On the one hand Kerner is to be admired for his professed dedication to a more rigorously trained and respected profession of the TT practitioner. He also seems to avoid the emotional anti-science diatribes of many supporters of TT. On the other hand it is sad to see that he doesn’t seem to understand the subtlety of human interactions that are evident in any healing profession. And it is precisely this subtlety that needs to be critically examined and controlled in any scientific research study of TT. This writer wonders whether research training in the physical sciences (Kerner is a chemist) commonly ignores this problem because it is obviously seldom encountered there. (Of course one might counter that the historical examples of experimenter error found in the works of astronomers Nevil Maskelyne and David Kinnebrook in 1796 – reaction time – and the work of Rene P Blondot dealing with the elusive ‘N-rays’ in 1903 would suggest that such problems are indeed found in the physical sciences.)

Distant Healing?

A diagram of chakra;s running through a silhouette of a body.

Since TT does not involve actual physical contact, we may ask just how far away can the hands of the healer be from the subject? Can TT be compared to ‘distant healing?’ In fact Astin, Harkness, and Ernst (2000) attempted to review studies of distant healing. They included studies of prayer, mental healing, spiritual healing and eleven studies of TT. Their conclusion was that overall, approximately 57% of trials showed positive treatment effect. However, Courcey (2001) has shown clearly that these eleven studies do not give any support to the efficacy of TT.

Glazer (2001) reports that shortly after the September 11 World Trade Center disaster the NHPAI website suggested that long-distance non-touch therapy could be performed on people who died in the tragedy and quotes Dolores Krieger as she explains her (somewhat mystical) attempts to help the victims by long distance.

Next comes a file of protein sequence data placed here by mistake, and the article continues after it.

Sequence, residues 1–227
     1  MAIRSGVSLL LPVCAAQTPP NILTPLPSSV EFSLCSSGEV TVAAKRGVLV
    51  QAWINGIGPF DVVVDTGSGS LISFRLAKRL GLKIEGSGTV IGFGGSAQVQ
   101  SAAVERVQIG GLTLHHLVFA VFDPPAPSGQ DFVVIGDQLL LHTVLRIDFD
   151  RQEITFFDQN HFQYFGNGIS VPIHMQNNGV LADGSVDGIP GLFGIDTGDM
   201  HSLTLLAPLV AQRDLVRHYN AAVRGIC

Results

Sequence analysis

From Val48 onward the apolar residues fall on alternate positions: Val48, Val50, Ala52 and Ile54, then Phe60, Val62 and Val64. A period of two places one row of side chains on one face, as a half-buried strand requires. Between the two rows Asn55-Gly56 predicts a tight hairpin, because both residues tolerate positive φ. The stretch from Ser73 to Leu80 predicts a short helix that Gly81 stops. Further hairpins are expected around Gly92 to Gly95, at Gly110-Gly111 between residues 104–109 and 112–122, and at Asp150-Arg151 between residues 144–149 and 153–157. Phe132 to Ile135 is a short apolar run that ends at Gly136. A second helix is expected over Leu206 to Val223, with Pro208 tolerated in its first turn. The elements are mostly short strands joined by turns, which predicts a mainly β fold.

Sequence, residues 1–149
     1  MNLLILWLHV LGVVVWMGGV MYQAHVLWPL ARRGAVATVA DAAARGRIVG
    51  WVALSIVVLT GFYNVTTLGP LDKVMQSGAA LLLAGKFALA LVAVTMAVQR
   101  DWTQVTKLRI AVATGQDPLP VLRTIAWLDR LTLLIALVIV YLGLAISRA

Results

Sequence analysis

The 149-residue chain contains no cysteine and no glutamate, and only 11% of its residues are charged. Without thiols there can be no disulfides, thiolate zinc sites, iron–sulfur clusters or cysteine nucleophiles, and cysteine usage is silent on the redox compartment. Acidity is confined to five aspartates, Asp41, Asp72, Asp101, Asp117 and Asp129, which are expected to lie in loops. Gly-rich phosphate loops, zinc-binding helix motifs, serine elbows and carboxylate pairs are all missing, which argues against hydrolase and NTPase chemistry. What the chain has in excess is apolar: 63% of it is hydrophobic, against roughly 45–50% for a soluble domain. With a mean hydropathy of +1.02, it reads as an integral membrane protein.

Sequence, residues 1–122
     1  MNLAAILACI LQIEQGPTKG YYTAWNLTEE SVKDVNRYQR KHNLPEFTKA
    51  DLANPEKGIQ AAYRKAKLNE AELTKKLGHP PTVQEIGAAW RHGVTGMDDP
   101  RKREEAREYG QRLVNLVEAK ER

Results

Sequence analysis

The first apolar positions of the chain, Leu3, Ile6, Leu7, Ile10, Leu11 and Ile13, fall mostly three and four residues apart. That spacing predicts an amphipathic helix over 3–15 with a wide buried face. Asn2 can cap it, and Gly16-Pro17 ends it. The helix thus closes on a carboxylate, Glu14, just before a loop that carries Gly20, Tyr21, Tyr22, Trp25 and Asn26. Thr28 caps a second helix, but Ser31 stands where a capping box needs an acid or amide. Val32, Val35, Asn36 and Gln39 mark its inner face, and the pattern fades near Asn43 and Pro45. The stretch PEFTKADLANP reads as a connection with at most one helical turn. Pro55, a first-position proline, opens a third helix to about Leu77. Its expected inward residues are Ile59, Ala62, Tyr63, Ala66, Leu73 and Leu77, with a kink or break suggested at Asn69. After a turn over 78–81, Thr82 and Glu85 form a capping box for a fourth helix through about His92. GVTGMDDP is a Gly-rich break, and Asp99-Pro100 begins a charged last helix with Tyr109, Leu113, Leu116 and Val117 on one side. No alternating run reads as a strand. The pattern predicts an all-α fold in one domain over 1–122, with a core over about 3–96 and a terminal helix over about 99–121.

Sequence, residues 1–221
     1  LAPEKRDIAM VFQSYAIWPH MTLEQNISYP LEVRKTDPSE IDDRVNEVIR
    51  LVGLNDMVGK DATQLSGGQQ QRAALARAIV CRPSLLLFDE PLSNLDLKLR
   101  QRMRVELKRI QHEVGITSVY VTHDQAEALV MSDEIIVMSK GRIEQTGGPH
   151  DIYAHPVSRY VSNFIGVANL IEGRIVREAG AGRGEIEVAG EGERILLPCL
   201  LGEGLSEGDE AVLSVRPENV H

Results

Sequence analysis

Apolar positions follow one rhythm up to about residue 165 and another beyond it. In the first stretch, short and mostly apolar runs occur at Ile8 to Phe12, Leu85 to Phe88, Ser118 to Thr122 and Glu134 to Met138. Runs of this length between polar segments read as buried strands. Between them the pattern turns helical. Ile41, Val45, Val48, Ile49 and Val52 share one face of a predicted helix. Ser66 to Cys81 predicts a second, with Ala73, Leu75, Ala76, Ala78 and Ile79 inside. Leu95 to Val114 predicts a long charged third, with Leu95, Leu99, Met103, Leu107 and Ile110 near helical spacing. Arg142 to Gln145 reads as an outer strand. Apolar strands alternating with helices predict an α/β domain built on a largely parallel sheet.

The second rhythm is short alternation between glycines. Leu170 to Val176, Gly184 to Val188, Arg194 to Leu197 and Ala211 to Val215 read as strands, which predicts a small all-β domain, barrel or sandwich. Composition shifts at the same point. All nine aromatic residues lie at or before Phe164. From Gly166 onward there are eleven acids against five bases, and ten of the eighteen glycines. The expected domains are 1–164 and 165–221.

The Two Minds of TT

Many aspects of alternative medicine share with TT a deeply inconsistent nature. On the one hand they seem to be strongly committed to research. But when design flaws are found or the research is not supportive of the claims, the proponents of these alternative approaches quickly switch and say that science is irrelevant or is not necessary or that the mysterious physics of quantum mechanics surely has answers that confirm the legitimacy of TT. Not only is there evidence of inconsistent thought among TT practitioners, there is also a pronounced paranoia. One hears that physicians are conspiring to denigrate the noble profession of nursing and that health insurance organisations want to hire less-educated practical nurses to save money. Kreiger herself complains of the “strongly reactionary forces whose viewpoints are embedded in materialistic and reductionistic philosophies” and of “the frankly hostile lockstep reactions of the (skeptical) media.” (Krieger, 1999).

A critical editorial published in Research in Nursing and Health (Oberst, 1995) produced an avalanche of letters that clearly demonstrates the anti-scientific attitudes of many TT supporters. The writer of the editorial said there was neither empirical evidence for a human energy field (HEF) nor credible research supporting TT. She went on to suggest that TT actually wastes time and resources in patient treatment. Her main point was that too many doubters were unwilling to publicly say that “the emperor has no clothes.”